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Django sample app on Digital Garage!

Django is a high-level Python Web framework that encourages rapid development and clean, pragmatic design. Built by experienced developers, it takes care of much of the hassle of Web development, so you can focus on writing your app without needing to reinvent the wheel. It’s free and open source.

Why Django?

With Django, you can take Web applications from concept to launch in a matter of hours. Django takes care of much of the hassle of Web development, so you can focus on writing your app without needing to reinvent the wheel. It’s free and open source.

Ridiculously fast.

Django was designed to help developers take applications from concept to completion as quickly as possible.

Fully loaded.

Django includes dozens of extras you can use to handle common Web development tasks. Django takes care of user authentication, content administration, site maps, RSS feeds, and many more tasks — right out of the box.

Reassuringly secure.

Django takes security seriously and helps developers avoid many common security mistakes, such as SQL injection, cross-site scripting, cross-site request forgery and clickjacking. Its user authentication system provides a secure way to manage user accounts and passwords.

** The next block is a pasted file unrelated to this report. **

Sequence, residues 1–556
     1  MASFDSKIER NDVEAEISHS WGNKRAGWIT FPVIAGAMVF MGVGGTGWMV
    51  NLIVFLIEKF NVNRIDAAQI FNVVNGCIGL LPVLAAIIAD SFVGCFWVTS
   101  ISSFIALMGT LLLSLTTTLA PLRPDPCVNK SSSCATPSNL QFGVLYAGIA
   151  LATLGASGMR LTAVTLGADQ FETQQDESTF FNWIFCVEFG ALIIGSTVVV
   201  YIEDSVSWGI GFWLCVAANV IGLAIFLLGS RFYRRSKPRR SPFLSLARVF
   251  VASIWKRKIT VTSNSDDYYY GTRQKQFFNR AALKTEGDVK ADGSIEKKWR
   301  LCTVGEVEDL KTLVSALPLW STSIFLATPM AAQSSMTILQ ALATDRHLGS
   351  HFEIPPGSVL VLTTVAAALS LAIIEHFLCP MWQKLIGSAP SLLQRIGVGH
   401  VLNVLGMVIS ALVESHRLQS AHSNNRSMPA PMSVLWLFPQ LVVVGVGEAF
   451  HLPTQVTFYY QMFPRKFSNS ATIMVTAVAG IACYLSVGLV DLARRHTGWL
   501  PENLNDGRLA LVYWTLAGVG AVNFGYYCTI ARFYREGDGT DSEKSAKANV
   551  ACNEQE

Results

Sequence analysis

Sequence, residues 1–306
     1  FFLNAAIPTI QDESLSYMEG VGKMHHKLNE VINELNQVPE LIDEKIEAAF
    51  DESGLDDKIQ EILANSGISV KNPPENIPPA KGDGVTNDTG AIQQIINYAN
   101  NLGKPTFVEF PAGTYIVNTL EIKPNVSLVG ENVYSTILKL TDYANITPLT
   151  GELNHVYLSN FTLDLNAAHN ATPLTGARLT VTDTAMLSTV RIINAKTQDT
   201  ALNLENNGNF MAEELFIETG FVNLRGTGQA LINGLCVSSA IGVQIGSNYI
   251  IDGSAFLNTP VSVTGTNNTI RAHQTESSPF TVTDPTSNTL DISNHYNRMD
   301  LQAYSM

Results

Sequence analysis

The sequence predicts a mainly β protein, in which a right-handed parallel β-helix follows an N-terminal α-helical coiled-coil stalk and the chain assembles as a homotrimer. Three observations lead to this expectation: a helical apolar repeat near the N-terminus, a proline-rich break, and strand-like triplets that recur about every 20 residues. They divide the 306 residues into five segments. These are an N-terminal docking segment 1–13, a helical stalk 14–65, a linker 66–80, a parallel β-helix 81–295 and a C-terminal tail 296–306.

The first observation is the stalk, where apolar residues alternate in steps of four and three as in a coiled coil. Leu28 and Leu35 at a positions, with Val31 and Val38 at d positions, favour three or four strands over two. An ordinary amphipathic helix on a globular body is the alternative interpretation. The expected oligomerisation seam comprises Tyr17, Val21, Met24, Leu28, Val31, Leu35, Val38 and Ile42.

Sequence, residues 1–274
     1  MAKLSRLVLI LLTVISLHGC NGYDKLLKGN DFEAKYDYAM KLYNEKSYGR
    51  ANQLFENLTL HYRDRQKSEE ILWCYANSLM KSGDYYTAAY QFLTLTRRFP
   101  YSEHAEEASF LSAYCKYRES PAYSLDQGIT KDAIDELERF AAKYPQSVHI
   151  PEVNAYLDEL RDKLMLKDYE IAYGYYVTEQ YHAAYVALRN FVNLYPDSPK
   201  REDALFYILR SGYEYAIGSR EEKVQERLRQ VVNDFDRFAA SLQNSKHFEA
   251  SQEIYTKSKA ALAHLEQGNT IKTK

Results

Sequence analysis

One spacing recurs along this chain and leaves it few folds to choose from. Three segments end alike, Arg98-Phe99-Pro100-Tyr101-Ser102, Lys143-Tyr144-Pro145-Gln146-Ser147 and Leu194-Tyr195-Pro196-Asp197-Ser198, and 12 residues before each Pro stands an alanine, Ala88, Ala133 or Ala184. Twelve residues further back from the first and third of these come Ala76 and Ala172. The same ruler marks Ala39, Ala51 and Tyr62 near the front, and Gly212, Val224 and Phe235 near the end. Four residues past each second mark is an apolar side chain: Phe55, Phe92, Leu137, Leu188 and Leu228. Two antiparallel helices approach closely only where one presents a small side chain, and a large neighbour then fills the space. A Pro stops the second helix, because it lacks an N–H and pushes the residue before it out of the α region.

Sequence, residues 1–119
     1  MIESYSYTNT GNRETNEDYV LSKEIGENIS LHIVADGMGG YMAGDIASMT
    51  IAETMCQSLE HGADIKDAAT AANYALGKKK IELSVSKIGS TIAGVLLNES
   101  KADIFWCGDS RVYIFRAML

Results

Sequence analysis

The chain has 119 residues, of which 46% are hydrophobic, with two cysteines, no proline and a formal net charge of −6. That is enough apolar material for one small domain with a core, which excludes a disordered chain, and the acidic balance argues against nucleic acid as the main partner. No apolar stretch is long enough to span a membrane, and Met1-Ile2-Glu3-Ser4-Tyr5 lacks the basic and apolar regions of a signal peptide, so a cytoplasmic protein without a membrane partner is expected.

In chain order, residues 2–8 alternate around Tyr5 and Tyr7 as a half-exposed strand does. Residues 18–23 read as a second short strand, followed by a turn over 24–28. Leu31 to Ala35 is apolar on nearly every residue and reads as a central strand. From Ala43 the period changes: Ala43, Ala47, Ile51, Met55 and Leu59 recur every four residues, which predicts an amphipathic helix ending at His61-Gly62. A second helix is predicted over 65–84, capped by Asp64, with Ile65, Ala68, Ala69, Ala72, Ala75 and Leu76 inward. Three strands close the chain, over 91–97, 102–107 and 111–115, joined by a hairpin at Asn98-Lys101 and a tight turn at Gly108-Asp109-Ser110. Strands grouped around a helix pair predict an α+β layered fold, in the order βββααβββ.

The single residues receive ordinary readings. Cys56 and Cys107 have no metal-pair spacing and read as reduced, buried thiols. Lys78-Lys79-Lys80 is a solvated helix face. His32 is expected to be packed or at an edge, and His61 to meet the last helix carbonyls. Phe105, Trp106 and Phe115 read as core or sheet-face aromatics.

Exceedingly scalable.

Some of the busiest sites on the planet use Django’s ability to quickly and flexibly scale to meet the heaviest traffic demands.

Incredibly versatile.

Companies, organizations and governments have used Django to build all sorts of things — from content management systems to social networks to scientific computing platforms.

Bootstrapping your Django Application.

This is a project that you can use as the starting point to develop your own and deploy it on the Digital Garage. In this brief tutorial we are going combine Django with best practices in both application architecture and deployment, namely, Microservices and Linux Containers. We will bootstrap our Django application on the popular PaaS provider, Digital Garage. Digital Garage utilizes Red Hat Openshift, Google Kubernetes and Docker Containers to create an open and efficient way to incorporate these best practices into our project.


  • A Github account. If you do not already have a Github account, you can follow this link to sign up for free.